Okay, it was Christmas, and my dad showed up at my door for our first big holiday without mom – what was the point in making the journey to his house where the trappings and decorations of the holidays aren’t? I had the tree, the fireplace, the food, the gifts–he had nothing. When he arrived, he plopped this cake down. “Your grandmother sent a cake.” Oh, lovely. Only problem is, I’m not the grandchild that eats German Chocolate Cake–that’s the redhead almost 40-year old who’s the USPS guy. I’m the Italian Cream Cake offspring. It’s been a rough year for her so I was all too happy to ignore the gaffe and pass out slabs of cake to everyone who came over on Christmas eve. I wonder if the red-head got my cake instead?
In her recipe book that I infamously “borrowed” and copied – her recipe is written with the addition of “Sweet” in the title – I’m not sure why. It’s also dated 11/22/2000 and Recipe #51. Why 51? Area 51? Maybe the aliens got my cake for Christmas?
Germans don’t have anything to do with this cake – I skyped my friend in Amorbach to ask, and got some strange words and funny looks. He thought for sure I was asking about Schwarzwälder Kirschtorte. Turns out the cake and the chocolate is named after American Sam German, who developed the sweet dark baking chocolate variety for the Baker’s company. It was originally called “German’s Sweet Chocolate Cake” and over time the possessive was dropped, giving false impressions about its origin. I looked up the Bakers’ recipe and lo, my grandmother’s must have come from the back of the box, because it’s only slightly adapted. Enjoy.
German “Sweet” Chocolate Cake
by Jason Osborne – adapted from the Bakers’ box
4 oz Bakers’ German Chocolate squares (1 pkg)
0.5 cup boiling water
2 cups sugar
2.5 cups cake flour
0.5 tsp salt
1 tsp baking soda
1 cup buttermilk
4 egg yolks
1 cup butter
1 tsp vanilla
4 egg whites
If this were a culinary school textbook, there would be an ingredient list and the phrase “creaming method” afterward. You know the drill…
Chop the chocolate into tiny bits with your knife and place in a bowl. Pour boiling water over the chocolate and tie until completely melted. Cool to room temperature. Meawhile, proper pan prep is essential. Grease the bottom of three 9″ cake rounds with butter or spray, add circles of wax paper, and grease only the wax paper – do not grease the sides – we need a surface for our cake to cling to as it climbs the pan. If you’ll note the ingredient list, there is no baking powder in this recipe, only egg whites.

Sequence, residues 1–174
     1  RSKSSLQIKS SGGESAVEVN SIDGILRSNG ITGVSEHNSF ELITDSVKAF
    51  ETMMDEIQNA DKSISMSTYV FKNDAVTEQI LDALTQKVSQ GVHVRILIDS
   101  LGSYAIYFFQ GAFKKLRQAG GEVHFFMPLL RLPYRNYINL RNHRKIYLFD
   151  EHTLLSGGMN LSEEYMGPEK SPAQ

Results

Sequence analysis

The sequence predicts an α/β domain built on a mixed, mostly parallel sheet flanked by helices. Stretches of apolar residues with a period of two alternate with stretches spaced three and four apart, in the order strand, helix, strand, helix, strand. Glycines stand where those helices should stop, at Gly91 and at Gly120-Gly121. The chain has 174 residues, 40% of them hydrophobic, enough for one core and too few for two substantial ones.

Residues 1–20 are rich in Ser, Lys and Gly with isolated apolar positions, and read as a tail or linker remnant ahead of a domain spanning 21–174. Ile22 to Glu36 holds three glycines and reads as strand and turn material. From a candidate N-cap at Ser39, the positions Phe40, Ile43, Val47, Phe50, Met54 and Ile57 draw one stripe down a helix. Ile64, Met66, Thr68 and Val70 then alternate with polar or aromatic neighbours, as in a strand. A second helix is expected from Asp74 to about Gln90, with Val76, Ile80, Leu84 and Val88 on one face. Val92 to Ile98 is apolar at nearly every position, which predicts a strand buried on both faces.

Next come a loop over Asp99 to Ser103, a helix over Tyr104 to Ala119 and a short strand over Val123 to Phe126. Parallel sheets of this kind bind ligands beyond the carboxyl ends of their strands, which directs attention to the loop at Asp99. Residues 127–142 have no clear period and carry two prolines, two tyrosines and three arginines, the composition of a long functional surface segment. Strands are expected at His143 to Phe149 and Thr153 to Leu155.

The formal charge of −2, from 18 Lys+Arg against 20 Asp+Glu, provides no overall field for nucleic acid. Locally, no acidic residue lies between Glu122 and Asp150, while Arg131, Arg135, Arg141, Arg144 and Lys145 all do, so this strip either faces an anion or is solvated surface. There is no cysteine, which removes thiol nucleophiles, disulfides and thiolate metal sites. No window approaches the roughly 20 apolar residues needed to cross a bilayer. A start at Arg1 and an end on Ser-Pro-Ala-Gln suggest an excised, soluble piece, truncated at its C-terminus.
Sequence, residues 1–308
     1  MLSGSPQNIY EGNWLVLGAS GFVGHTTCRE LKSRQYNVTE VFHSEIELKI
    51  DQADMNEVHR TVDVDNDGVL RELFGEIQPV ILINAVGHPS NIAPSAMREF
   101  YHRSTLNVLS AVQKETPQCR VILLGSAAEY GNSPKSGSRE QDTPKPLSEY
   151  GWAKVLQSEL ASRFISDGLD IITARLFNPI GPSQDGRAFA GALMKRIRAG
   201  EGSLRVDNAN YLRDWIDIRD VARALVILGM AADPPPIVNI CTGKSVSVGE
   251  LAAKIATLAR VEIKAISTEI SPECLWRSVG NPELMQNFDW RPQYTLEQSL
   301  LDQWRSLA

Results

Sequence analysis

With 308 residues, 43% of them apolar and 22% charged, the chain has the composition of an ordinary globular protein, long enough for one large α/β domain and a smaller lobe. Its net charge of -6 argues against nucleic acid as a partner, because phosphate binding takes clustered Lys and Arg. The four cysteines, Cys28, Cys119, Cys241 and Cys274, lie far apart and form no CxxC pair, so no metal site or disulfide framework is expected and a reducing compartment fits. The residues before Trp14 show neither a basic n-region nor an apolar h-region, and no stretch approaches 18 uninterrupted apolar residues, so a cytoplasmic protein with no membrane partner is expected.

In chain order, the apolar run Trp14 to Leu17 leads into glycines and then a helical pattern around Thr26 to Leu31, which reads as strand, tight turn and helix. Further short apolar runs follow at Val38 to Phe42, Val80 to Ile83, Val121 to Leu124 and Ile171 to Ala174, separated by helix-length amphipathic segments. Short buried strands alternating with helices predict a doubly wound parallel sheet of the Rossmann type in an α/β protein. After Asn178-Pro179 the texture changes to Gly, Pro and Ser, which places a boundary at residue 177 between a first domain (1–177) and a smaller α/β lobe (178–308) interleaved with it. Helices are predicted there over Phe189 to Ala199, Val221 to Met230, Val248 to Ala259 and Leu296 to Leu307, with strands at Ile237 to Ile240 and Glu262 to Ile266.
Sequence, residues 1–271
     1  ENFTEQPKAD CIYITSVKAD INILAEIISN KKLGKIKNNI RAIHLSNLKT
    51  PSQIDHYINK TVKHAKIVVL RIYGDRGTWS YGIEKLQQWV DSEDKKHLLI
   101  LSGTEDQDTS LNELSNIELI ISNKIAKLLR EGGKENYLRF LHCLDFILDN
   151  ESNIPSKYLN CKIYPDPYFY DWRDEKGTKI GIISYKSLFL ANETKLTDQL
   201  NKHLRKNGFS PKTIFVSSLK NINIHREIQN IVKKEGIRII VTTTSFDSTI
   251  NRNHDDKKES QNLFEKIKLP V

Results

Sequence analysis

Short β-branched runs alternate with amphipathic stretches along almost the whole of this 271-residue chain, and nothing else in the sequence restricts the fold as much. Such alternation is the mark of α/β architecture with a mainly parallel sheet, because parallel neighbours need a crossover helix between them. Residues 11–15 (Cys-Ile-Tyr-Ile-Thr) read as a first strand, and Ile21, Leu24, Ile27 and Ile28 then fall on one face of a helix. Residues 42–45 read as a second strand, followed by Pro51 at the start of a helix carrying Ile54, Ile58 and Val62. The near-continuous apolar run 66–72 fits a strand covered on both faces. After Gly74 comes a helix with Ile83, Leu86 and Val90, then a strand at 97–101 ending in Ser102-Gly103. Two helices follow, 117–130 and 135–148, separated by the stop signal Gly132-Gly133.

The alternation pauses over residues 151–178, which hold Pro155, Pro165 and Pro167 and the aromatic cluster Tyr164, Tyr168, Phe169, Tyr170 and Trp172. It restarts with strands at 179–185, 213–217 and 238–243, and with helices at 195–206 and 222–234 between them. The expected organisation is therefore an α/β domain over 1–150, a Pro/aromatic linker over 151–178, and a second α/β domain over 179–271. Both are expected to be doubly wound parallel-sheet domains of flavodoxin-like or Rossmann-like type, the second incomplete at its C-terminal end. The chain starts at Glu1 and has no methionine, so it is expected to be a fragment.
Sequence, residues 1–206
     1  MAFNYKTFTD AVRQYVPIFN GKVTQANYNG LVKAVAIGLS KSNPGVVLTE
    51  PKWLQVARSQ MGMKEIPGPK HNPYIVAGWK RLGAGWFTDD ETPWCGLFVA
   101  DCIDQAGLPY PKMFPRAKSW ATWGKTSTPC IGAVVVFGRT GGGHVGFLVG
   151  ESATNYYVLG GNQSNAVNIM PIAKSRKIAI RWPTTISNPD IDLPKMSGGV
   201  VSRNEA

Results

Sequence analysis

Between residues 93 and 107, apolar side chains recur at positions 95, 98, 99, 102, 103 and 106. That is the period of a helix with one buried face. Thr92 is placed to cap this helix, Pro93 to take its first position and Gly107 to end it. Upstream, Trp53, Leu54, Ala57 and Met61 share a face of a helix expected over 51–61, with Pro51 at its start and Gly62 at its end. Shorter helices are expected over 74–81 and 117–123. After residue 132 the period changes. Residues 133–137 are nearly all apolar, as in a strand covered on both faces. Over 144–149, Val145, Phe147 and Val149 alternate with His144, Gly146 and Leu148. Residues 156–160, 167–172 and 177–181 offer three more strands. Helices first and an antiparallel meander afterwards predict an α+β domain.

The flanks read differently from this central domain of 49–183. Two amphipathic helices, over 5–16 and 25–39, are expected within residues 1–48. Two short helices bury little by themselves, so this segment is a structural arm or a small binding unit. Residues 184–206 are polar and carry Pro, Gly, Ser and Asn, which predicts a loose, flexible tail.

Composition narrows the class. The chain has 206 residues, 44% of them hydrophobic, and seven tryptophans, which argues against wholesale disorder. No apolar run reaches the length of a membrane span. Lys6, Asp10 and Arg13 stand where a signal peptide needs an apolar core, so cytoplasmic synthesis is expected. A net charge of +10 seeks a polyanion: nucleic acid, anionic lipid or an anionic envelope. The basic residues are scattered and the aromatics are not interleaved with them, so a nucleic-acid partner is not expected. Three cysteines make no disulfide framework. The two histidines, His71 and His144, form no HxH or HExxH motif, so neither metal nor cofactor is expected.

Using the paddle attachment, cream butter and sugar together until light and fluffy. Add egg yolks one at a time, until combined well before adding the next yolk. Add chocolate and vanilla and beat until thoroughly integrated. Sift together flour, baking soda and salt and add alternately with buttermilk, beginning and ending with flour.
If you’re like me, and only have one bowl that goes with your mixer, transfer the batter to a big glass bowl and thoroughly wash the mixer’s work bowl and dry it. Pull out the whisk attachment. Sigh, wipe brow, enjoy refreshing beverage. Beat the egg whites until stiff peaks form, and then fold into the batter. By fold, I mean take 1/3 of the whites and stir vigorously into the batter, to lighten it. Then, gently fold the remaining 2/3 whites in properly.
Divide the batter into the three prepared pans and bake at 325 degrees F for 30 minutes, or until a cake tester inserted into the center comes out clean.
To assemble the cake, use a leveler or a good knife and a good eye to flatten each layer and spread frosting in between the layers and on the outside with an offset spatula. Then, spread additional toasted chopped pecans on the outside, followed by sweetened, flaked coconut.
1.25 cups evaporated milk
1.25 cups sugar
2 egg yolks
2 tbsp flour
1 stick butter
1 tsp vanilla
2 tbsp lemon juice
Beat egg yolks, milk, lemon juice, and vanilla in large saucepan with wire whisk until well blended. Add sugar, butter, and flour; cook on medium heat about ten minutes or until thickened and golden brown, stirring constantly. Remove from heat. Add one cup each of coconut and pecans; mix well. Cool to room temperature and of desired spreading consistency.
The remaining cup of coconut and pecans is for spreading on the outside of the cake.